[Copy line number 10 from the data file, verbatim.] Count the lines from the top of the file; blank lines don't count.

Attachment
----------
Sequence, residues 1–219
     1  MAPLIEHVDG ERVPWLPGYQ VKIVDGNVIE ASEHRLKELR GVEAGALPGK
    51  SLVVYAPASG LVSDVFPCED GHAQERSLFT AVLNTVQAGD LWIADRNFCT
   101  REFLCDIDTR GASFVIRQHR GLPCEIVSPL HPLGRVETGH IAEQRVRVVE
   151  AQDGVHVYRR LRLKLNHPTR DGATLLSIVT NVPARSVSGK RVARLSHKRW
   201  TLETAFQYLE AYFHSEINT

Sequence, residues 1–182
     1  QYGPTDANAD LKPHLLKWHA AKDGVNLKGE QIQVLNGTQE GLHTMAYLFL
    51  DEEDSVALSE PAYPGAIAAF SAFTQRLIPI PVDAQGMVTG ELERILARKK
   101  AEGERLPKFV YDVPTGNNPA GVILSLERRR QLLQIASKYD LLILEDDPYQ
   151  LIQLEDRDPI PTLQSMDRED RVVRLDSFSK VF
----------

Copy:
   101  AEGERLPKFV YDVPTGNNPA GVILSLERRR QLLQIASKYD LLILEDDPYQ